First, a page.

The familiar strains of Charles Wolcott’s soundtrack to Cat on a Hot Tin Roof [directed by Richard Brooks,1958] is resolutely upbeat, even with the darker undertones. As soon as the music starts, through my many viewings of this movie, I know I’m in for a treat. I know it’s going to be an epic journey. With the sad passing of Elizabeth Taylor, I wanted to pay homage to one of my favorite characters she played – Maggie the Cat.
As a child, I loved watching Elizabeth Taylor in National Velvet [Clarence Brown, 1944] – connecting with this quiet, earnest girl with the wide eyes and trembling voice. For a period of time [the horse period all young girls go through], this movie was a daily ritual. But as I grew up, Elizabeth Taylor grew up too in the films I was exposed to. She became poised, confident, strong and unapologetic. She lived life on her own terms – making choices she paid for dearly – but she owned it. And I’ve admired her courage all along the way.
Put aside for the moment Tennessee Williams’ brilliant play and Burl Ives’ incredibly moving performance and absolutely everything about Paul Newman – I love Elizabeth Taylor in this movie. In the stifling Southern summer, she comes across cool and self-aware, self-possessed though on the verge of breakdown, vulnerable, full of quiet longing and noisier demands.
‘I feel all the time like a cat on a hot tin roof,’ she says to Brick.
‘Then jump off the roof, Maggie,’ Brick responds. ‘Cats jump off the roof all the time and they land on their feet.’
‘Jump where? Into what?’ she asks incredulously.
‘Take a lover,’ Brick nearly spits the words at her.
‘I don’t deserve that,’ she says. ‘I can’t see any man but you, even with my eyes closed I just see you…I’m more determined than you think. I’ll win alright.’
‘Win what? What is the victory of a cat on a hot tin roof?’
‘Just staying on it, I guess, long as she can.’
Throughout the film Maggie holds herself at a bit of a remove from the rest of the group. In the face of his dreadful family, she keeps her composure. And when she turns sultry – her white slip with lace trim hugging every gorgeous curve – she sizzles and it’s only with superhuman strength that Paul Newman as Brick is able to treat her with indifference.
One of my favorite scenes is when Maggie is first trying to broach the subject of Skipper with Brick in the bedroom, the party underway downstairs. They shout at each other – Maggie trying to tell him what happened in the hotel room and Brick trying his hardest to stop her – him chasing her around the room with his crutch. In the fever pitch of the scene, he swings his crutch at Maggie, narrowly misses her and falls to the floor from the effort. Then one of the no-neck monsters [Brick’s niece] comes in, shooting a cap gun and breaking the intensity of the moment.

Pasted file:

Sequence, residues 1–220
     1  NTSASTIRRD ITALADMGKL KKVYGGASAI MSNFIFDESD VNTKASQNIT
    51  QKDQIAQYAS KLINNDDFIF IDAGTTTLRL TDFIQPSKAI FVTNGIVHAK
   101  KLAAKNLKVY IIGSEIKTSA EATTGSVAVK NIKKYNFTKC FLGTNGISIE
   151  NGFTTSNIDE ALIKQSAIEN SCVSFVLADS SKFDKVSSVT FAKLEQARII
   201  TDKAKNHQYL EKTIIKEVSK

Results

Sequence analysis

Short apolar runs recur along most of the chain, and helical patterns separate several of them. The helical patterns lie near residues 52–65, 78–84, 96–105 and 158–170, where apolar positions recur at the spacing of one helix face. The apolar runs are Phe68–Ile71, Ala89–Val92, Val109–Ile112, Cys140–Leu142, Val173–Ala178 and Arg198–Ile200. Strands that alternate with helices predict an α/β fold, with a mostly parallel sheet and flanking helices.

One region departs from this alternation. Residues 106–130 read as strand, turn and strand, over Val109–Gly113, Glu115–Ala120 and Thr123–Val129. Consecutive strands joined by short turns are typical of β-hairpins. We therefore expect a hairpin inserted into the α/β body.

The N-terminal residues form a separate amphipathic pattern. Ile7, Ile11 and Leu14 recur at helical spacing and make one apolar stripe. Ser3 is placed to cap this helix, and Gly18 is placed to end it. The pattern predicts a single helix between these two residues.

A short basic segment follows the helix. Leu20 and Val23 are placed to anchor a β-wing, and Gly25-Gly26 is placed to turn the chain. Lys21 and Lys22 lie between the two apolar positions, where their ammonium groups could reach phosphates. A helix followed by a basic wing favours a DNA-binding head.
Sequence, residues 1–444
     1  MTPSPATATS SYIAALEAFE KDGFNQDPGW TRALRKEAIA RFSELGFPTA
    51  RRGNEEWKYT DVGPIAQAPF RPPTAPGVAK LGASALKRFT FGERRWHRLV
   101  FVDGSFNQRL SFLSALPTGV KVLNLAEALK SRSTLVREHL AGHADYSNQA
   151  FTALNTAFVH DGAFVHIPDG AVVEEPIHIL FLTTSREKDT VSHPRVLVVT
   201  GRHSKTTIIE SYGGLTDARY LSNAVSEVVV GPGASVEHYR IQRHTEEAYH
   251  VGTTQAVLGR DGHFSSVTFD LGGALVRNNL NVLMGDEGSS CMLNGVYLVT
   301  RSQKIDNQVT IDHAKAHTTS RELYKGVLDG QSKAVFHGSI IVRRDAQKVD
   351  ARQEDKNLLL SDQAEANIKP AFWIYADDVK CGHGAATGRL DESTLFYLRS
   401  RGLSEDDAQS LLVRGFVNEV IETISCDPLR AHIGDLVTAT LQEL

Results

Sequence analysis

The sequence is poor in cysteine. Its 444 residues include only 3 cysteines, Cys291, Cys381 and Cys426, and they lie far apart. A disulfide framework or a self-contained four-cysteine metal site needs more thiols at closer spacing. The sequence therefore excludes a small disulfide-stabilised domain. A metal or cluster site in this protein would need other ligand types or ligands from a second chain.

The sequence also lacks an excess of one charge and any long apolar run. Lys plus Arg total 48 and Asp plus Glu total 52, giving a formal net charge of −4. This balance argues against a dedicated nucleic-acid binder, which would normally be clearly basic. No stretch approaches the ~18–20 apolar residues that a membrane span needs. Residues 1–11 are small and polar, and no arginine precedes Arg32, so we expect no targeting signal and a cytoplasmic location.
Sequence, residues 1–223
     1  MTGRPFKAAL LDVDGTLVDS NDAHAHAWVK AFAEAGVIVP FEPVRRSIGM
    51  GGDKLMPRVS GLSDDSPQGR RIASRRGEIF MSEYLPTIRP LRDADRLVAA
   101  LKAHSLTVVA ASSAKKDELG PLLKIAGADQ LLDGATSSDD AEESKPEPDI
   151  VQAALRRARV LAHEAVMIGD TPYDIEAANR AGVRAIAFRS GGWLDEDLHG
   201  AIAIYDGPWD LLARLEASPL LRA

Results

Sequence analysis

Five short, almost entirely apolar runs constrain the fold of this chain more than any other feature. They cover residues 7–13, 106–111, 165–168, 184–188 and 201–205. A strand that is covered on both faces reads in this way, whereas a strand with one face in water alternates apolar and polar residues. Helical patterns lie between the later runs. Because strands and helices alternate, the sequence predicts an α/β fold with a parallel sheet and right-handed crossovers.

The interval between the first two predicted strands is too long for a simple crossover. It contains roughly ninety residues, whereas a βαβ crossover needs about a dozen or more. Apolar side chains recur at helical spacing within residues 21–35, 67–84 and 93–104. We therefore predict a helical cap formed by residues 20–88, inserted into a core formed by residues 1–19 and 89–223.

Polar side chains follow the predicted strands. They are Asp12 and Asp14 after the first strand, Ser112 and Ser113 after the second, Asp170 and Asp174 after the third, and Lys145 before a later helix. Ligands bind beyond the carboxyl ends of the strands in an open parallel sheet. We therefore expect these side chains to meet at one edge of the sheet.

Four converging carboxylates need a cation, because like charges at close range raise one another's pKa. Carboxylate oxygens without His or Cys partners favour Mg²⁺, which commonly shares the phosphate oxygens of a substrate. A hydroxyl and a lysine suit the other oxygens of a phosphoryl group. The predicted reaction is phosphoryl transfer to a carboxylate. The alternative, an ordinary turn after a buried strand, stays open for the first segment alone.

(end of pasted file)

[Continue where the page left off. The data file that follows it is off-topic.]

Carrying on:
‘What are you doing on the floor?’ the no-neck monster asks.
‘I tried to kill your aunt Maggie…’ Brick says. ‘But I failed and I fell.’
He looks at Maggie, sitting on the bed, tears streaming down her face, and they share an intimate, rueful laugh.
It’s so touching.
With the storm outside mirroring the storm inside, truth bursts through like a lightning bolt. And in its light, everything takes on a different form. When Maggie finally has the opportunity to tell Brick what really happened between her and Skipper, she goes still inside, all the emotions of the past several years focused on a single point. She makes her case simply and eloquently – cutting right to the heart.
Hollywood didn’t disappoint us at the end of the movie, allowing us to see Maggie and Brick reconciled. It never fails to make me cheer. These two wounded people can come together and help each other heal, help each other be stronger. The entire cast of Cat on a Hot Tin Roofwas phenomenal, but Elizabeth Taylor put the entirety of her self into this role and it showed. She was one of the greatest actresses I’ve ever seen and she will be truly missed.